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10 Artists With Unusual Mediums

From dryer lint to butter, check out the craziest materials artists are using around the world.

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Photo: Salavat Fidai

Micro Sculptures

When you think of sculptures, you typically think of art on a large scale in a public park or museum, but artist Salavat Fidai creates small sculptures so tiny you need a microscope to see them. These microscopic sculptures are carved from the point of pencils and graphite rods. There are very few masters of this art because graphite is very fragile and the process is time-consuming. Many of Fidai’s projects take days to complete and are so tiny they’re not measured in millimeters but microns. His intricate works include famous landmarks like the Statue of Liberty and Eiffel Tower.

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Photo: Heidi Hooper

Dryer Lint

One person’s trash is another person’s art supplies. You probably don’t think about the dryer lint you remove when you’re doing laundry, but Heidi Hooper sees an opportunity. Hooper’s dryer lint art has been featured at Ripley’s Believe it or Not and Consumer Reports dubbed her the "Andy Warhol of Dryer Lint." Her work includes portraits, scenes from pop culture and adorable animals. Each piece has a myriad of different colors of lint creating a painting-like quality.

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Photo: Vilma Farrell

Coffee Filter Lamp

Don’t throw out your coffee filters! You could use them for art. Etsy artist Vilma Silveira creates lampshades with dyed coffee filters and the result is beautiful. "In my native country, Brazil, there is a rich folk art tradition and open markets where artisans craft all sorts of things using recycled coffee filters including flowers, wall art and lampshades," Silveira said. "When I first saw a recycled coffee filter lamp and how the light filtered through the coffee stains, I was mesmerized and sure that I wanted to make this type of art." Silveira uses water-based paint to give the coffee filters vibrant colors then the coffee filter strips are woven into metal shades. When lit, the shades resemble stained glass. "I love the fact that my art is 'green' and that I am able to recycle and beautify what most people would see as trash," she said.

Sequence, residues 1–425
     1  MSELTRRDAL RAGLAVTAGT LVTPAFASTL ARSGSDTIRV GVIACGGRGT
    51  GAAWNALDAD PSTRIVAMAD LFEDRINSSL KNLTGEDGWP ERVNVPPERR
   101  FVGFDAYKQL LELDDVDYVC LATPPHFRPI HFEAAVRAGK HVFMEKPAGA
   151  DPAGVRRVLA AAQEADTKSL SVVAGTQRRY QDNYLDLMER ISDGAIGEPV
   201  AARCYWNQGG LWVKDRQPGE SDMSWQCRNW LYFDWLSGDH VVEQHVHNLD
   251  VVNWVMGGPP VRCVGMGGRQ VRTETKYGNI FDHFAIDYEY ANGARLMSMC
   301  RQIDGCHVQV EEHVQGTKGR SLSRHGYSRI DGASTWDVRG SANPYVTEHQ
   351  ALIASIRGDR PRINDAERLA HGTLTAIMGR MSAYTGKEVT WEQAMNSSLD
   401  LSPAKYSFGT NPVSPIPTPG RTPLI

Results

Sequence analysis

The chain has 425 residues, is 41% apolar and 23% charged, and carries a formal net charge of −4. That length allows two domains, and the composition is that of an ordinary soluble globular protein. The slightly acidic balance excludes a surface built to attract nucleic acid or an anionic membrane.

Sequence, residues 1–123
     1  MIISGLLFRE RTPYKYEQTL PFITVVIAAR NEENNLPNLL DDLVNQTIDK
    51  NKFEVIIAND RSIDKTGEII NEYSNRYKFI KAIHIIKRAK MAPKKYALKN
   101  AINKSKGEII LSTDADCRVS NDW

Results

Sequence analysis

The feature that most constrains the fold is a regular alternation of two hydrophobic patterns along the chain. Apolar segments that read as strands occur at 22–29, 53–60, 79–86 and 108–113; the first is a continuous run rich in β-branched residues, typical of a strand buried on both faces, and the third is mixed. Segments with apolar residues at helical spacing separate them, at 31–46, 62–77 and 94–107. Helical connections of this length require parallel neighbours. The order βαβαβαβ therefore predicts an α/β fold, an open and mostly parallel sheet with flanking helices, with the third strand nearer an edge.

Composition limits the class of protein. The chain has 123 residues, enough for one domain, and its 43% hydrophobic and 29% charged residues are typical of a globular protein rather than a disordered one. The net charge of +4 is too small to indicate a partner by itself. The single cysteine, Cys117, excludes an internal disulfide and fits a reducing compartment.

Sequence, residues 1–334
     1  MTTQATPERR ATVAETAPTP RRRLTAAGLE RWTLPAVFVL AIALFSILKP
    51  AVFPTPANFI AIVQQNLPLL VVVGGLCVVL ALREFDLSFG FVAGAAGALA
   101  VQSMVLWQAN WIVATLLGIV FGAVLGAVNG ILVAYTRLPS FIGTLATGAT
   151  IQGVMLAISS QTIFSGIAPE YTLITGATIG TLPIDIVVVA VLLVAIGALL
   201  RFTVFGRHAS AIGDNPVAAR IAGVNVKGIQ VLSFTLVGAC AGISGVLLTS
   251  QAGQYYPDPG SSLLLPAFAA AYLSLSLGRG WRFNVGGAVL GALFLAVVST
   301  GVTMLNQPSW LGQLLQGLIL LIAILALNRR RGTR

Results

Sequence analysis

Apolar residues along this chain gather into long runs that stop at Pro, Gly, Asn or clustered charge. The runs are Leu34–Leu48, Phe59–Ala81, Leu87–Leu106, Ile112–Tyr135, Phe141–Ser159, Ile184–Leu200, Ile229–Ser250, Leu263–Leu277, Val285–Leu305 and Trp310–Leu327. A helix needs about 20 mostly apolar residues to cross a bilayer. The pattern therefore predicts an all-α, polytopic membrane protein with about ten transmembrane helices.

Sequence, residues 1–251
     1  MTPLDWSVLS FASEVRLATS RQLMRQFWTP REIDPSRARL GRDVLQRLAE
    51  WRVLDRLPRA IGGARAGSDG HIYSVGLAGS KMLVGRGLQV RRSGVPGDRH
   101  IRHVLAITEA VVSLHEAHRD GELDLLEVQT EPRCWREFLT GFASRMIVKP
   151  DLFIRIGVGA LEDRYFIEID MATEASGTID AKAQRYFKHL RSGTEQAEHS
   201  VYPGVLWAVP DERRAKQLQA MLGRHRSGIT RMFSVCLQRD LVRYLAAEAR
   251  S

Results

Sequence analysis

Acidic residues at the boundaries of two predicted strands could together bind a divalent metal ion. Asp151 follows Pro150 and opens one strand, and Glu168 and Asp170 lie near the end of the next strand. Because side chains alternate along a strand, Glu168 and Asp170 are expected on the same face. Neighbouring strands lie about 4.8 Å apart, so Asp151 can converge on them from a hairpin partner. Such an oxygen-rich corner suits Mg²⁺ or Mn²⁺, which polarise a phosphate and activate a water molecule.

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Photo: Vanessa Herman

Medical Mosaic

Hospitals can be cold and uninviting. All those white and beige walls are depressing. But Toronto nurse Tilda Shalof and artist Vanessa Herman-Landau changed that. Together they created a mural for Toronto General Hospital using colorful plastic pieces from unused medical supplies. The giant 4' x 8' mural covers an otherwise boring white wall and used approximately 10,000 pieces of plastic that could have ended up in a landfill. For years Shalof collected the colorful plastic pieces such as lids, caps for needles, cork for test tubes, IV tubing and plugs. All pieces were clean and never touched the patient, just saved from the trash. Herman-Landau, who has mosaic experience, suggested Shalof should make a mural once she saw the hoard of colorful plastic pieces. "It was quite a playful endeavor," she said. "We let the pieces speak for themselves as well as design." She said the mural represents nurses and all the different things they do. The two women have had such positive feedback from their upcycled art that hospitals from all around the world are sending mural requests.

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